VANCOUVER, British Columbia (Reuters) - Greenpeace celebrated its 40th anniversary in the city of its birth on Saturday with a workshop on civil disobedience and a plea to Canada to better protect the environment.
Some 200 activists met in Vancouver for events that also included workshops in banner making and tours on the Zodiac boats that the group uses in some of its high-profile campaigns.
“Canada is not the country a lot of people like to remember it as,” said Jessica Wilson, acting Greenpeace director for Vancouver’s home province of British Columbia, highlighting a poor Canadian record on curbing climate change and the “dirty oil” from the Albertan tarsands.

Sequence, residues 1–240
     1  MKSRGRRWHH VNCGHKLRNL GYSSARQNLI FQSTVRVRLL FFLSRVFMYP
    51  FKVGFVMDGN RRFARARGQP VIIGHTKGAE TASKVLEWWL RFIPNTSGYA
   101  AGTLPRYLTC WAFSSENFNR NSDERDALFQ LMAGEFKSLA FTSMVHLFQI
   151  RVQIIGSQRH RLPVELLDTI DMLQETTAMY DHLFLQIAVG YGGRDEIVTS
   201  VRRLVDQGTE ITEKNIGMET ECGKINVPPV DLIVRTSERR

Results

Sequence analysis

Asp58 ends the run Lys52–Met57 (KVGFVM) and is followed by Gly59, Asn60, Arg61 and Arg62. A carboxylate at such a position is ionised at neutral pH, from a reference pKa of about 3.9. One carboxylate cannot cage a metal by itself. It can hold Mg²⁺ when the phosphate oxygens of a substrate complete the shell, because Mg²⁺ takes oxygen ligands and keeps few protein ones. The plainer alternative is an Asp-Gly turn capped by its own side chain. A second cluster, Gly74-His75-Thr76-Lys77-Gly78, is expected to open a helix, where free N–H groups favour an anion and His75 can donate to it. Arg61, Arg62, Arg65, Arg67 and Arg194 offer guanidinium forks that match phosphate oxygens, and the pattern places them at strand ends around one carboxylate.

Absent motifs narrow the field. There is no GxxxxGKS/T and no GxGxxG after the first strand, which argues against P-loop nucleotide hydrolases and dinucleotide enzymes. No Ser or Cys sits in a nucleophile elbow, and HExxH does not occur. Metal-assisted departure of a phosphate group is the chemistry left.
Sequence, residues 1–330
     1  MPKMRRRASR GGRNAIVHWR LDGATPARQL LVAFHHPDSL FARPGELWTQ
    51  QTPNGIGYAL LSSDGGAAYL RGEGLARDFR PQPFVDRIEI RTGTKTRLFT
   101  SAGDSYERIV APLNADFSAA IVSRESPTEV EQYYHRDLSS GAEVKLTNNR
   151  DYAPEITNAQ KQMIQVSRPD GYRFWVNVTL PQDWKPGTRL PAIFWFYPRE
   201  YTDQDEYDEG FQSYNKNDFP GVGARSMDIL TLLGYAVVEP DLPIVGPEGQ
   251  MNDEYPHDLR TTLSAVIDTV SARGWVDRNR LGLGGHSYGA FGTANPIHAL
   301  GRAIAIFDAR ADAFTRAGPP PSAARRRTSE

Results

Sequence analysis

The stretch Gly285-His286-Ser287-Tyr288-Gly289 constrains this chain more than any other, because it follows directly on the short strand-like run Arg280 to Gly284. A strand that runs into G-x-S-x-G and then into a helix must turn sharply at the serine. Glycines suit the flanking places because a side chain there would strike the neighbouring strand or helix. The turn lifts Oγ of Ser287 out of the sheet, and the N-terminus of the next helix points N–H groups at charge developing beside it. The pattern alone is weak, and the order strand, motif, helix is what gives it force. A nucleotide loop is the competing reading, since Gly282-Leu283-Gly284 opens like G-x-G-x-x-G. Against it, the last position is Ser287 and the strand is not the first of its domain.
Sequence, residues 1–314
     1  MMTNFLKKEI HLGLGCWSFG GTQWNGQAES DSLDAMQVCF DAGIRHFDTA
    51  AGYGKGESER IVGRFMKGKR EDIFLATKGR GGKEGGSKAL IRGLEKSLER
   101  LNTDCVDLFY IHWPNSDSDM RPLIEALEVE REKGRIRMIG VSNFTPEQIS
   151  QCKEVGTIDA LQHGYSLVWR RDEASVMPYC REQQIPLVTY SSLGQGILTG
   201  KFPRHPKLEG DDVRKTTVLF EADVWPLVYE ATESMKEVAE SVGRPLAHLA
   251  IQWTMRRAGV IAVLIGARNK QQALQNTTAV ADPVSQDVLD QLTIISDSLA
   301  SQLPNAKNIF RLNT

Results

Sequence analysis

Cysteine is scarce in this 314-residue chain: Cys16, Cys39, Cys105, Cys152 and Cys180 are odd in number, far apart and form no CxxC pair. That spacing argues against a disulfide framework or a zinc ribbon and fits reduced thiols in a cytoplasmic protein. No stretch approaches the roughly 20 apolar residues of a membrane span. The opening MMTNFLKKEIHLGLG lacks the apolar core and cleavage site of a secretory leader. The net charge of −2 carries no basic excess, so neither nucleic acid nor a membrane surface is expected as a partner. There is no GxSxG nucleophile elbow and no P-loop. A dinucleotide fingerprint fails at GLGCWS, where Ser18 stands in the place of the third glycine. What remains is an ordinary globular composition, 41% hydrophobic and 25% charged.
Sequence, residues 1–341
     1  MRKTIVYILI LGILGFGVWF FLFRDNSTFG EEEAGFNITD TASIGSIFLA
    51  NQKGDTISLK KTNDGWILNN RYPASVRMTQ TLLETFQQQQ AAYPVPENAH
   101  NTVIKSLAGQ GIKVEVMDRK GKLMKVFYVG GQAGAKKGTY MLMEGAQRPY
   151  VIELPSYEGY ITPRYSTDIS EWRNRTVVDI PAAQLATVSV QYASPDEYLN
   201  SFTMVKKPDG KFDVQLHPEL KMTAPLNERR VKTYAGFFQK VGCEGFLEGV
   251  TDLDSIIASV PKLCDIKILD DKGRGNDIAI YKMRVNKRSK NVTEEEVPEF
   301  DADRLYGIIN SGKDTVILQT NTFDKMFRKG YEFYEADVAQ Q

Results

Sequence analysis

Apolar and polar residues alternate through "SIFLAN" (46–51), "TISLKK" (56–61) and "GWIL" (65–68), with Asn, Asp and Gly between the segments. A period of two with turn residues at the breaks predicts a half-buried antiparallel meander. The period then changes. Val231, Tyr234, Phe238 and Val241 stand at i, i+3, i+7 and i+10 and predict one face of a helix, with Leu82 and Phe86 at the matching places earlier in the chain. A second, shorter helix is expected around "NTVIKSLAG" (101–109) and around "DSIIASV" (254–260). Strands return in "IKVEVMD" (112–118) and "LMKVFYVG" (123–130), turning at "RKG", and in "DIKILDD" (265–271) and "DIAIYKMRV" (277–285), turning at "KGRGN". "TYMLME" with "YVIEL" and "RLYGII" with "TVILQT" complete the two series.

“Not only has Canada not been part of the solution, they are actively working against other countries who are trying to develop meaningful climate targets.”
Greenpeace, originally called the “Don’t Make a Wave Committee,” emerged from Vancouver’s peace movement and anti-nuclear protests of the early ‘70s to become a global organization with a 2010 budget of more than $300 million.
In its first mission, on September 15, 1971, the group set off from Vancouver for the Arctic on a chartered ship that they renamed Greenpeace, protesting against a U.S. underground test of a 5.2-megaton hydrogen bomb.
Later campaigns focused on whaling, toxic waste and nuclear power, and in 1985 protests against French nuclear tests culminated in the French sinking of Greenpeace’s Rainbow Warrior ship in Auckland, New Zealand.
The ship was later scuttled off the New Zealand coast to provide a spot for divers and the development of marine life.
Editing by Janet Guttsman